“I do think it’s a very clever design, using an ingenious task,” says Jon Simons, a cognitive neuroscientist at the University of Cambridge in England. “It provides the first real insights into the effects of caffeine on consolidation.” It also points to a role for the hippocampus, an area in the brain that plays an important role in learning and memory. The CA2 region of the hippocampus, Yassa notes, has a large concentration of adenosine receptors, much higher than the surrounding areas. Because caffeine blocks adenosine receptors, this might be how the drug is having its effect on pattern separation and memory consolidation. Some studies in rodents have hinted at this mechanism, but further experiments are needed to show that caffeine, acting in the CA2 region specifically, increases pattern separation. 

Although the study shows a new role for caffeine in memory consolidation, it may not be the whole bean on caffeine. The effect on consolidation memory is extremely small, says Yassa, “only about a 10 percent gain in some places.” And because of the small number of participants in the study, the data just passed, but didn’t soar beyond, statistical muster. “I wish they had tested a few more participants and reported a few more statistical tests,” says Simons, “so that the fascinating findings the authors think they have observed would be demonstrated more convincingly.”

George Kemenes, a neuroscientist University of Sussex in England, also has some concerns about the statistics. “I found the whole experimental design very elegant and satisfying the highest professional standards,” he says. “The problem with the weakness of the statistics may indeed have arisen because of the relatively low number of experimental subjects.”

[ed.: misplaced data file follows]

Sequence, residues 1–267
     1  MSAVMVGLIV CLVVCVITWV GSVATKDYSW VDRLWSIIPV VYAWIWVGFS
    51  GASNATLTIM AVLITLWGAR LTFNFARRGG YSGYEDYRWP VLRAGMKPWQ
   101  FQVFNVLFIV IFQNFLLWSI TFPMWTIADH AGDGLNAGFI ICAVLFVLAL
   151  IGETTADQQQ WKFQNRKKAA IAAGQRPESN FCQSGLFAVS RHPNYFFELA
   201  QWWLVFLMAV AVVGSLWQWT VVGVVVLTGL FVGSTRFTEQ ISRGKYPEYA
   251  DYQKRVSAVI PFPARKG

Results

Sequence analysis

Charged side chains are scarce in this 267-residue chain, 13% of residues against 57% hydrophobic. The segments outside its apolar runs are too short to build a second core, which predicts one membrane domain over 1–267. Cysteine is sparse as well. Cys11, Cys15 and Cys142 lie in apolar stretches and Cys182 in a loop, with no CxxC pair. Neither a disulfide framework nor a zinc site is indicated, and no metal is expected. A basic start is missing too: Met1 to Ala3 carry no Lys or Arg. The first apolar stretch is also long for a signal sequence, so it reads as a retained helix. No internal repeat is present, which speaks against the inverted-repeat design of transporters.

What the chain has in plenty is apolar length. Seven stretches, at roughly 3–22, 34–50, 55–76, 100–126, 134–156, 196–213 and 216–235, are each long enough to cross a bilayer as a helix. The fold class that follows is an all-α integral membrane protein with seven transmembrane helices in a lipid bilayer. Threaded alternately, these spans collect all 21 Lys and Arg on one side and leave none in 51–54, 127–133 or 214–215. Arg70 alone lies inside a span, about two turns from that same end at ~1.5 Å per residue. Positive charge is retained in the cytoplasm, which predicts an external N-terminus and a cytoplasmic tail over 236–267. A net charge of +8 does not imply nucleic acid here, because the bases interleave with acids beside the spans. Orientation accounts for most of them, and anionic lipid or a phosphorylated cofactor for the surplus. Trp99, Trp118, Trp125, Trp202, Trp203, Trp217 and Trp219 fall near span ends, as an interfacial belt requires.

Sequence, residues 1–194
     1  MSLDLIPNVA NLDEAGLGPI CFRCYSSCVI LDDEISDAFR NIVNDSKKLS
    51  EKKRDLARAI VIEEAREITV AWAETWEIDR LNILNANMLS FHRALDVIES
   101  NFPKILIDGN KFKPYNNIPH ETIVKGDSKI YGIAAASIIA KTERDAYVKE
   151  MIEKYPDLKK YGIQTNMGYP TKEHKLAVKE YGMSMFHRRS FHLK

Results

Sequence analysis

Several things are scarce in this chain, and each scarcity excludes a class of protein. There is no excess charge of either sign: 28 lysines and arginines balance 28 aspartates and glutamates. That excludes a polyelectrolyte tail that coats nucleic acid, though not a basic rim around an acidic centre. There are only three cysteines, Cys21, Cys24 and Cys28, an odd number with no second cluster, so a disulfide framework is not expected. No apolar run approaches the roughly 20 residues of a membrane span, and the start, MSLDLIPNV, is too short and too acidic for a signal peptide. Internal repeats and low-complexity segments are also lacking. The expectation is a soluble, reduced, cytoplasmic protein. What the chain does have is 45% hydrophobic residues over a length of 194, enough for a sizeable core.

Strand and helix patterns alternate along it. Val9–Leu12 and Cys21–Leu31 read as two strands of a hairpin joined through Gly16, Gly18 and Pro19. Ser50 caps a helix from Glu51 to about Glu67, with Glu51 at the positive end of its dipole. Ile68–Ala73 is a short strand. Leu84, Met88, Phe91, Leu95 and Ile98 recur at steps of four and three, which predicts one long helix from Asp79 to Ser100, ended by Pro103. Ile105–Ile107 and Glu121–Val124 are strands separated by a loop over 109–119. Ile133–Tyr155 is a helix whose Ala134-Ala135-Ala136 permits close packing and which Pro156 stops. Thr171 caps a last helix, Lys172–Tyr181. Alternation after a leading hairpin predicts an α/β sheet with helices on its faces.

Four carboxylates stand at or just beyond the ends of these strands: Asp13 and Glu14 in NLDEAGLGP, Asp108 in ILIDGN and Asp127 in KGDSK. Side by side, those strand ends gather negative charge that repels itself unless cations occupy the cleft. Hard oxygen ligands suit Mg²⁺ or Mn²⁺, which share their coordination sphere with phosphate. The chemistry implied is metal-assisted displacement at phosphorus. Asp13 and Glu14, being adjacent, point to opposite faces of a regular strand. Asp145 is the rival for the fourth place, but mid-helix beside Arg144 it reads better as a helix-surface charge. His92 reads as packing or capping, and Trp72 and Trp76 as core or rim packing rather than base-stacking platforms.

In particular, Kemenes is concerned that one of the figures uses a statistical test, the one-tailed Student’s t-test, requires you to assume that the result will only turn out one way: “that caffeine can only cause the choice of ‘similar’ category to increase and the choice of ‘old’ category to decrease,” Kemenes says. It might be better to do a two-tailed Student’s t-test, which does not assume that a result will turn out one way or the other. But with an effect this small, Kemenes points out, “a two-tailed test might not have detected significance.” Simons agrees, and while he appreciates the findings, he’d like to “see a replication of these effects with larger sample sizes, because some of the results are a little weak, only just hovering around conventional thresholds for statistical significance.”

But Yassa is confident that the one-tailed t-test is the correct analysis. “We had a directional hypothesis to test,” he says. “For the critical analyses on which we based our conclusions [an analysis that compares how participants discriminate the ‘similar’ objects from ‘old’ objects] we moved to two-tailed tests so that we can remove any potential bias.”

The study also used participants who generally don’t drink caffeine. Yassa says that the average caffeine intake among the participants was cut off at 500 milligrams per week, about two grande Americanos, and most participants drank much less. The participants weren’t told whether they were getting caffeine or placebo in their pills, and when asked, most could not tell what they had been given. High-dose coffee drinkers like Yassa (and yours truly) may not see any memory benefit. But then again, we might. “It shouldn’t be taken as a rule of thumb that more is better,” Yassa says. “For everyone it’s going to be different.” And while memory consolidation and pattern separation are important aspects of memory, they are not all there is to remembering.

So while you might think that drinking a coffee after class will perk up your chances on the next day’s exam, the effect in this paper probably isn’t large enough to depend on. By all means have your latte, but throw in a little studying on top. 

Editor’s note: This story was updated at 1:00 p.m. January 17, 2014, to correct a reference to degrees of similarity when distinguishing between similar and old objects. While there was an overall effect of caffeine, there was no significant interaction.

Bethany was previously the staff writer at Science News for Students. She has a Ph.D. in physiology and pharmacology from Wake Forest University School of Medicine.